On April 24, 2018, the Supreme Court issued its opinion in Oil States v. Greene's Energy, No. 16-712, holding that inter partes review (“IPR”) before the Patent Trial and Appeal Board (the “PTAB”) does not violate Article III of the U.S. Constitution. The decision solidifies the status of the PTAB as an alternative to district courts for addressing the validity of patent claims.
Article III of the U.S. Constitution provides that “[t]he judicial power of the United States, shall be vested in one Supreme Court, and in such inferior courts as the Congress may from time to time ordain and establish.” Under this provision, Congress may not delegate authority to a non-Article III tribunal to resolve any matter that was “the subject of a suit at the common law, or in equity, or admiralty.” Stern v. Marshall, 564 U.S. 462 (2011). As such, if a suit is made of “the stuff of the traditional actions at common law tried by the courts at Westminster in 1789,” then “the responsibility for deciding that suit rests with Article III judges in Article III courts.” Stern, 564 U.S. at 484.
Despite the requirements of Article III, the Supreme Court has recognized that Congress may delegate authority to administrative agencies to resolve disputes over “public rights.” Such “public rights” can include “a seemingly ‘private’ right that is so closely integrated into a public regulatory scheme as to be a matter appropriate for agency resolution.” Thomas v. Union Carbide Agric. Prods. Co., 473 U.S. 568, 593-94 (1985).
In 2012, Greene’s Energy filed an IPR petition challenging the validity of several claims of a patent owned by Oil States. The PTAB instituted IPR and ultimately found the challenged claims invalid. The Federal Circuit later affirmed the PTAB’s decision. Before the Supreme Court, Oil States argued that IPR violates Article III because Congress delegated authority to a non-Article III tribunal to adjudicate issues of patent validity that were traditionally the subject of suits at common law or in equity. Oil States also argued that patent rights are private property rights, not public rights that can be taken away by an administrative agency.
Greene’s Energy and the Solicitor General defended the constitutionality of IPR before the Supreme Court. Respondents asserted that IPR is permissible under Article III because administrative bodies in England prior to 1789, such as the King and the Privy Counsel, had the authority to invalidate patents. Respondents also argued that a patent is a quintessential “public right”: the right to a limited monopoly created and defined by Congress and awarded by an administrative agency.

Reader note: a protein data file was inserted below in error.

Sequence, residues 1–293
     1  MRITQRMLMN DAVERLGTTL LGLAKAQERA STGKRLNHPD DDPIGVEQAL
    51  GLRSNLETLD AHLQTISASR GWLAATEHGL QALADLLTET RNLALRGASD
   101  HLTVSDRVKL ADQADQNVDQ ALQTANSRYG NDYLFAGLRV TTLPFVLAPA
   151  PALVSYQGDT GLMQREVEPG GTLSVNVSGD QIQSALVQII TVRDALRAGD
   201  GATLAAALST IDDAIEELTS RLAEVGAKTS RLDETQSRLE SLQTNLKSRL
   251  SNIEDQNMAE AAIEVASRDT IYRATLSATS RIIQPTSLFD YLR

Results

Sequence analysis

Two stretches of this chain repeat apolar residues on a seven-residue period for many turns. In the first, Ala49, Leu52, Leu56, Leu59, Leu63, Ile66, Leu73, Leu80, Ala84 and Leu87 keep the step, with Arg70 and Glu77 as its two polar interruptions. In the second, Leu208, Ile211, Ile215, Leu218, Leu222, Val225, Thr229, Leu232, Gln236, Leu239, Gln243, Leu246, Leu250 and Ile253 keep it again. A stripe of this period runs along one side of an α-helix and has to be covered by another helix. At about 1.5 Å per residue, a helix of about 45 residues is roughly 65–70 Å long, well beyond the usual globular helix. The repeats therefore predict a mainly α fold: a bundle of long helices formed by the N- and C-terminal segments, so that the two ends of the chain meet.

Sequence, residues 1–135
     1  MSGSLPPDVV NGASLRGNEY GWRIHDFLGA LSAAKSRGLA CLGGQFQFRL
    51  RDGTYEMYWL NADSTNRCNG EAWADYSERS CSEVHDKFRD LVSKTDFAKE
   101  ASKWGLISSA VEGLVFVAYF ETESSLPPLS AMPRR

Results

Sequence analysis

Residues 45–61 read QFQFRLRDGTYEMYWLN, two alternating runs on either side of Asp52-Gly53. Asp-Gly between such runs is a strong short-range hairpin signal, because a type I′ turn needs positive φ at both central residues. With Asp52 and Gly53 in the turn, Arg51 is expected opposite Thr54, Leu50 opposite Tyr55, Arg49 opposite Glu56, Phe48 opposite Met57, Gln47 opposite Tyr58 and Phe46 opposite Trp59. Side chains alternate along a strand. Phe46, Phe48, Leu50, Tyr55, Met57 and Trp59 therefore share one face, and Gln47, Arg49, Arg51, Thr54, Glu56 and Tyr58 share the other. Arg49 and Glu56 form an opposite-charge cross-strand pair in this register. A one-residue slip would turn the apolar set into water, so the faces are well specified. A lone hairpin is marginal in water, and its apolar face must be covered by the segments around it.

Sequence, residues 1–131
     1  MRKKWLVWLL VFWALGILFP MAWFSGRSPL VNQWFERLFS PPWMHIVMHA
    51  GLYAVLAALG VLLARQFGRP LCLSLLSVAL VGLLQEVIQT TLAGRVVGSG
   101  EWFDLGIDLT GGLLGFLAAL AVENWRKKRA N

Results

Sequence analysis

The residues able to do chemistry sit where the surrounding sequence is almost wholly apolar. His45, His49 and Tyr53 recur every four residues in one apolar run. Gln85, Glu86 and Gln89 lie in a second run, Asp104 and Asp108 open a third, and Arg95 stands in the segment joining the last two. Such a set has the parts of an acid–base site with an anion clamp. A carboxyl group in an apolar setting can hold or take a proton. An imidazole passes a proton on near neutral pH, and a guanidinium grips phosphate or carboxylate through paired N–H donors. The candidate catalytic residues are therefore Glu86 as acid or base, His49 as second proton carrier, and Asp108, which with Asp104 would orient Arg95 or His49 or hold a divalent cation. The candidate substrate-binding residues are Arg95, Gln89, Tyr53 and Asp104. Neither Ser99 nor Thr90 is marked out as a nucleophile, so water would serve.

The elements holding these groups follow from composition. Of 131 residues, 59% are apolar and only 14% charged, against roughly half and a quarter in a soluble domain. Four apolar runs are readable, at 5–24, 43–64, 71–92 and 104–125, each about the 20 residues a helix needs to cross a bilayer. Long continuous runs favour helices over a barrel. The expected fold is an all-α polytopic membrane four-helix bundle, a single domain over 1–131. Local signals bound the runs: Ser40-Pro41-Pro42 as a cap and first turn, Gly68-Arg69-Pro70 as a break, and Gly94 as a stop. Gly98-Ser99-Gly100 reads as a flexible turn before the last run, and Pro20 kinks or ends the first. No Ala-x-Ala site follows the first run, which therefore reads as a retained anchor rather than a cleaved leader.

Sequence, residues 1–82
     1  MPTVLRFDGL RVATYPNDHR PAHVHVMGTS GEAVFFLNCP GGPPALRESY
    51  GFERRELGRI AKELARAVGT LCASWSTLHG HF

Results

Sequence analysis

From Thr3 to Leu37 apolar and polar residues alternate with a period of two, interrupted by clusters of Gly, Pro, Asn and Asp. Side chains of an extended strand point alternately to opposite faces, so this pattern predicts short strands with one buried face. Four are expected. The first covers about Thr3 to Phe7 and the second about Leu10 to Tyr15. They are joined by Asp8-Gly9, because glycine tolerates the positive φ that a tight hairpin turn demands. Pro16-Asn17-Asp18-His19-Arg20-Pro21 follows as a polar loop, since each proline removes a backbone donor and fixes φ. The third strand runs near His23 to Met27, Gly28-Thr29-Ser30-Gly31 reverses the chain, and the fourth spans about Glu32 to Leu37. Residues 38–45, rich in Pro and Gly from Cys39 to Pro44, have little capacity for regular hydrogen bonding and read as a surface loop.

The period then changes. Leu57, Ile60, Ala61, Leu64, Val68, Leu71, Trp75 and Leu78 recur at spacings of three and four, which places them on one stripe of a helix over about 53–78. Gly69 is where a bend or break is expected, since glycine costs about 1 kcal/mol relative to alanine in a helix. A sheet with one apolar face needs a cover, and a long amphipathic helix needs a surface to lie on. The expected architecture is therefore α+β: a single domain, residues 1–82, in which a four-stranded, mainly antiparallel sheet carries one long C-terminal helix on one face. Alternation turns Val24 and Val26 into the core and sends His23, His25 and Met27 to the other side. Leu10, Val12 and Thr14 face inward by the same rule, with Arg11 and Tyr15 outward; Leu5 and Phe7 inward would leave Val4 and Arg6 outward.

In its 7-2 opinion today authored by Justice Thomas (with Chief Justice Roberts and Justice Gorsuch dissenting), the Supreme Court found that “[i]nter partes review falls squarely within the public rights doctrine.” Oil States Energy Services, LLC v. Greene’s Energy Group, LLC, 584 U. S. ____, slip op. at 6 (2018). Specifically, the Court found that it “has recognized, and the parties do not dispute, that the decision to grant a patent is a matter involving public rights—specifically, the grant of a public franchise. Inter partes review is simply a reconsideration of that grant, and Congress has permissibly reserved the PTO’s authority to conduct that reconsideration. Thus, the PTO can do so without violating Article III.” Id. at 6-7.
In support of its conclusion, the Court explained that patents are “public franchises” that arise between the “government and others.” Id. at 7. The Court also noted that, at the time the country was founded, patent rights were not addressed exclusively in courts because the King and Privy Council retained the ability to revoke patent rights. Finally, the Court also observed that the procedural similarity between inter partes review and district court proceedings is not relevant because the Court “has never adopted a ‘looks like’ test to determine if an adjudication has improperly occurred outside of an Article III court.” Id. at 15.
Simultaneously with Oil States, the Court also issued another decision dealing with inter partes review in SAS Institute Inc. v. Iancu, 584 U. S. ____ (2018), in which it held that the PTAB must address the patentability of every claim a Petitioner has challenged. A separate client alert will be sent discussing SAS Institute.